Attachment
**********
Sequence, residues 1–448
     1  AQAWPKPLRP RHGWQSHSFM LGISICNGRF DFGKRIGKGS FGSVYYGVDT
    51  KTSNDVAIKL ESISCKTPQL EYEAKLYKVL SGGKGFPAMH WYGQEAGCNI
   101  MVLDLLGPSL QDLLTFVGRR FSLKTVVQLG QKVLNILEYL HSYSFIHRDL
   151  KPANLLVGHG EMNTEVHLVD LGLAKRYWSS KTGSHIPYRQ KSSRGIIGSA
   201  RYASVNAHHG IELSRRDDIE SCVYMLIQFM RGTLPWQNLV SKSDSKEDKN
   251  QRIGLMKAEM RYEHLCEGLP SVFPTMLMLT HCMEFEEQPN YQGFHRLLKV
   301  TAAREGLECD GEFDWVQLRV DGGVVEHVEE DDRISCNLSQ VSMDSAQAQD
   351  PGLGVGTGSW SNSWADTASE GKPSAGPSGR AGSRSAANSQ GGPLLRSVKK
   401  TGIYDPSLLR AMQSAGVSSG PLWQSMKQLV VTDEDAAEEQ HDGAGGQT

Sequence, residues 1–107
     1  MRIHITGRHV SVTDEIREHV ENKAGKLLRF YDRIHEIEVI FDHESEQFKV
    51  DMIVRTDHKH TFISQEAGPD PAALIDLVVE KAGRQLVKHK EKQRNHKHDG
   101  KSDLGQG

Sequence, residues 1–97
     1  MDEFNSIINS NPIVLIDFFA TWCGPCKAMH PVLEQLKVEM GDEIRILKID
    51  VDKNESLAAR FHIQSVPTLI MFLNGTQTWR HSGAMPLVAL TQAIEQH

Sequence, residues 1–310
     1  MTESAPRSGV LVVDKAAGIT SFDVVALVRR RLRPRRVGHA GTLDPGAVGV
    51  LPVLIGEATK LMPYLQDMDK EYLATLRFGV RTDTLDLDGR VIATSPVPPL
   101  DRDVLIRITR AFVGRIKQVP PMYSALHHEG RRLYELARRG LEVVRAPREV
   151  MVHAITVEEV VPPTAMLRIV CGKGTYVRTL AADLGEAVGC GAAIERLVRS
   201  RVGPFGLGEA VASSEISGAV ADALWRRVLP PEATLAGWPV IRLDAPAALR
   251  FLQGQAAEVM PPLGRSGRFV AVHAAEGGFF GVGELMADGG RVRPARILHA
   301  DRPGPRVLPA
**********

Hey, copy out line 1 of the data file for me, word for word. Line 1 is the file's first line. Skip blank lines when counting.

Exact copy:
Sequence, residues 1–448